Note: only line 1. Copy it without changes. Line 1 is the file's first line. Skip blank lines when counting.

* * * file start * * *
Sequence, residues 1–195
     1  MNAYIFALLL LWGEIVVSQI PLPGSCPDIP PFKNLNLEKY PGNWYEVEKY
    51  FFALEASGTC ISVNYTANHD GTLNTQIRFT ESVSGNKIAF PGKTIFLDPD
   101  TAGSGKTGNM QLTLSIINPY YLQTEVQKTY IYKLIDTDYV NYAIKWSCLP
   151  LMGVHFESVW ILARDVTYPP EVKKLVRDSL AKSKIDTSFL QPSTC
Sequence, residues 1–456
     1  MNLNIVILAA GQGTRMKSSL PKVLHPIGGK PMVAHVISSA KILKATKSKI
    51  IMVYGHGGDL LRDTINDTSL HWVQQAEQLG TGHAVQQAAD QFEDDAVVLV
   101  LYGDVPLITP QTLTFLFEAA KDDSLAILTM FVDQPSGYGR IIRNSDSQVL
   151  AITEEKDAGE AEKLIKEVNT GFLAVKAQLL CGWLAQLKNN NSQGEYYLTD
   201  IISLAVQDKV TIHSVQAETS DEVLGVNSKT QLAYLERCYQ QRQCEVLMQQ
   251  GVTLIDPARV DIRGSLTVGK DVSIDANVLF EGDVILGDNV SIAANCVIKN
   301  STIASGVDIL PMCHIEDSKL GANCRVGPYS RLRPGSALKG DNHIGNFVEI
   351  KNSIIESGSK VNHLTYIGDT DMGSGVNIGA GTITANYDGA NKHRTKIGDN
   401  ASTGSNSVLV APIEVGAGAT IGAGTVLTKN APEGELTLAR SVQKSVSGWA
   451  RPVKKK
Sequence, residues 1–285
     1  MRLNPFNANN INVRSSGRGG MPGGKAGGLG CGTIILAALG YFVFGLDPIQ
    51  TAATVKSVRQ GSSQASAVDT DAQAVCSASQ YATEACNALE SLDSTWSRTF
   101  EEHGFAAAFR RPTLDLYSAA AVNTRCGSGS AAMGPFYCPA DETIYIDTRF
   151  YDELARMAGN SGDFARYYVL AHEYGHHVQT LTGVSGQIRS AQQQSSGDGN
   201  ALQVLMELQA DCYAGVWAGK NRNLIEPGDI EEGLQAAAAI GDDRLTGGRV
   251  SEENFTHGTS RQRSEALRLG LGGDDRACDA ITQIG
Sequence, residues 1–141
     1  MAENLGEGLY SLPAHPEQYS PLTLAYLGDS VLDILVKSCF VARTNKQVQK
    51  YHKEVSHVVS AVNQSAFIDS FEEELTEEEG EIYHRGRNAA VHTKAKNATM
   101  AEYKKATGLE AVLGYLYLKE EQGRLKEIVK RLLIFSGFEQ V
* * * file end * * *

Sequence, residues 1–195